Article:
New Zealand's Little Schools of Horror: Kids Engage in Brutal Killing Sprees But Perhaps There Is Some Hope

Warning: The images in the links below are very disturbing, but they need to be spread widely because these killing sprees are horrific and because so many people still do not know what is happening in New Zealand and how kids are used as pawns in killing sprees.

It almost feels like a recurring nightmare. For the past couple of months when I check my email early in the morning, there are messages containing some of the most disturbing notes about, and images of, animal abuse by youngsters that I have seen in a long time. They’re all related to New Zealand’s war on wildlife and their goal of ridding the islands of predators by 2050. A few days ago I posted an essay with a poster from the Orini Combined School containing the message “We don’t care if you trap ‘em or shoot ‘em. it’s all on to clean up the possum vermin in Orini and raise some funds.”

While many people still don’t know about New Zealand’s war on wildlife with the goal of getting rid of all predators by 2050, a good number of people do and are working hard to stop it as soon as they can. Background on this onslaught can be found in these essays and many links therein — “Youngsters Encouraged to Kill Possum Joeys in New Zealand,” “Long-Term Effects of Violence Toward Animals by Youngsters,” “Scapegoating Possums: Science, Psychology, and Words of War,” “Imprinting Kids for Violence Toward Animals,” and “Violence Toward Animals: Can You Please Help My Daughter? Clearly, there’s a lot of work that needs to be done.

Back to the recurring nightmare. This morning was no exception. Waiting for me were a bunch of messages about a large number of horrific and very disturbing images of youngsters proudly displaying the animals they killed as part of sanctioned school program at the Norsewood school.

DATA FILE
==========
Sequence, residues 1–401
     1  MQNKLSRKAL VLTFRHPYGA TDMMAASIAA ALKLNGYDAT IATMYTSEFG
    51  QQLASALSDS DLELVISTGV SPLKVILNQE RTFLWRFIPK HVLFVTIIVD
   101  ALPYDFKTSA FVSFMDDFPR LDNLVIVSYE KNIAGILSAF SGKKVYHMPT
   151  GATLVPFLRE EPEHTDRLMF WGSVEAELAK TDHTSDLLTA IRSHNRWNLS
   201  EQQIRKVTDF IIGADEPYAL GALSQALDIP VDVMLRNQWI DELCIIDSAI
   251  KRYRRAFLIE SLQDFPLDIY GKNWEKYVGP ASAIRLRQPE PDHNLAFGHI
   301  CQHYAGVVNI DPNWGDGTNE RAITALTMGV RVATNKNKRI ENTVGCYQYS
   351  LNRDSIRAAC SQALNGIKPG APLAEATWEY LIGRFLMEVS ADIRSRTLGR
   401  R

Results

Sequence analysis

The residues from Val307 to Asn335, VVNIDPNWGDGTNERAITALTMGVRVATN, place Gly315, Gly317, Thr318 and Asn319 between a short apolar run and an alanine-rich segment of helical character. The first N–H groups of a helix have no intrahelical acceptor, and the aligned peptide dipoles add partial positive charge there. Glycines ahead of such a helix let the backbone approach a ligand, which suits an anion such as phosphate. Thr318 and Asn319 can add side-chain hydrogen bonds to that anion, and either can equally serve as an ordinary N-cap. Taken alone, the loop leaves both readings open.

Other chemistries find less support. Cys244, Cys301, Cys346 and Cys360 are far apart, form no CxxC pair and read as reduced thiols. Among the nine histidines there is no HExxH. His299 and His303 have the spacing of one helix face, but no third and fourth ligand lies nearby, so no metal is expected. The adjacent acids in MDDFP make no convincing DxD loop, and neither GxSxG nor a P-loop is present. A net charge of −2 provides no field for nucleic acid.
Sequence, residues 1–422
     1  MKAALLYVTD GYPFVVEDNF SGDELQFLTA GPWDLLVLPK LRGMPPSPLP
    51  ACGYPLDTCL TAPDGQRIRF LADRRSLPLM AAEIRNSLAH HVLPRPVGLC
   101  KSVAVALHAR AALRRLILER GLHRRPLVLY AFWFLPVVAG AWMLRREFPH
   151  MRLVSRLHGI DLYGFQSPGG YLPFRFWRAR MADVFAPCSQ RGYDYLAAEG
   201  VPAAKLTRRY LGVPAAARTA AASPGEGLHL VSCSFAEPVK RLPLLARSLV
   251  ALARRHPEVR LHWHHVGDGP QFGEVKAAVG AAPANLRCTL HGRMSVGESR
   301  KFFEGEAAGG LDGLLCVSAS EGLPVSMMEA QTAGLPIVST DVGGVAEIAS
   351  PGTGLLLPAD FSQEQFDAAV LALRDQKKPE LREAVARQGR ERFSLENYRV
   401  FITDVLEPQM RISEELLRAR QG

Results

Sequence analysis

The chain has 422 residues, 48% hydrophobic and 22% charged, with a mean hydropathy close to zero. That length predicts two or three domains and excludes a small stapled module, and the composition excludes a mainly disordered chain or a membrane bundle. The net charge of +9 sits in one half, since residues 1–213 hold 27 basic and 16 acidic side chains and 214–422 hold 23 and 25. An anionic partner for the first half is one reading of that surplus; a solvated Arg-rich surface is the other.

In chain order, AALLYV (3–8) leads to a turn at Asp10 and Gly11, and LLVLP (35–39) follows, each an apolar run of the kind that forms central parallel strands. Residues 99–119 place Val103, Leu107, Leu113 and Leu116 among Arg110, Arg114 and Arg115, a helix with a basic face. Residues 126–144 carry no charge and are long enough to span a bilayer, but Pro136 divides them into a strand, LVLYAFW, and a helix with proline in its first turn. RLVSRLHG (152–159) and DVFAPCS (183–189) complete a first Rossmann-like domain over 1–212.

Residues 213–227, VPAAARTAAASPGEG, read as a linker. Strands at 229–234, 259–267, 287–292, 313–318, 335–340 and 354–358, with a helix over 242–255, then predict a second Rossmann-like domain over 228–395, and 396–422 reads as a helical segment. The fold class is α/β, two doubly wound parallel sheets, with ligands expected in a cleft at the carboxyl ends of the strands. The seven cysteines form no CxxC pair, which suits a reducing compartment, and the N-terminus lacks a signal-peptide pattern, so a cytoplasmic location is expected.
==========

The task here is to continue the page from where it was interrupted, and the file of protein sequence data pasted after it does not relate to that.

Cruelty can’t stand the spotlight.” — Gretchen Wyler

Some good news and the importance of speaking out loudly, clearly, and nicely

While some of the comments that were posted about the horrific event show just how disgusted some people are, and I’ve been told that this and some other events have been cancelled, I’ve also been told that some of these killing sprees continue. It is essential that people who are against them speak out loudly, clearly, and nicely. As Gretchen Wyler has aptly said, “Cruelty can’t stand the spotlight.” It’s about time that there is a nation wide ban on sanctioned killing by schools purportedly “in the name of conservation.” And it’s important to keep the pressure on so that this becomes a reality immediately.

Let’s also hope that those youngsters and adults who are opposed to the killing let their views be known. In an essay called “Violence Toward Animals: Can You Please Help My Daughter?’” I wrote about an email I received from a women who wrote, "I have seen your recent essays on what is happening in schools throughout my country and I am appalled. Thank you for spreading the word. Can you please help my daughter tell her teachers that she does not want to participate in these types of events and contests?" She also mentioned that other parents agreed with her and were at wit's end because people in power were telling the kids it was perfectly okay to harm and to kill the animals and to parade around with corpses of the animals they slaughtered.  

While there still is a lot of momentum and support for killing millions of animals in New Zealand, there also are people who are hard at work to stop this planned slaughter. They and the nonhuman animals need all the support they can get. There is no way that the millions upon millions of animals who are being targeted in New Zealand’s war on wildlife will be killed humanely and compassionately. The incredible amount of pain, suffering, and death that will be experienced is impossible to imagine. Indeed, youngsters could be very important voices who speak out against the mass killings and let’s hope they make their voices heard — loudly, clearly, and nicely.

Marc Bekoff’s latest books are Jasper’s Story: Saving Moon Bears (with Jill Robinson); Ignoring Nature No More: The Case for Compassionate Conservation; Why Dogs Hump and Bees Get Depressed: The Fascinating Science of Animal Intelligence, Emotions, Friendship, and Conservation; Rewilding Our Hearts: Building Pathways of Compassion and Coexistence; The Jane Effect: Celebrating Jane Goodall (edited with Dale Peterson); and The Animals’ Agenda: Freedom, Compassion, and Coexistence in the Human Age (with Jessica Pierce). Canine Confidential: Why Dogs Do What They Do will be published in early 2018. Learn more at

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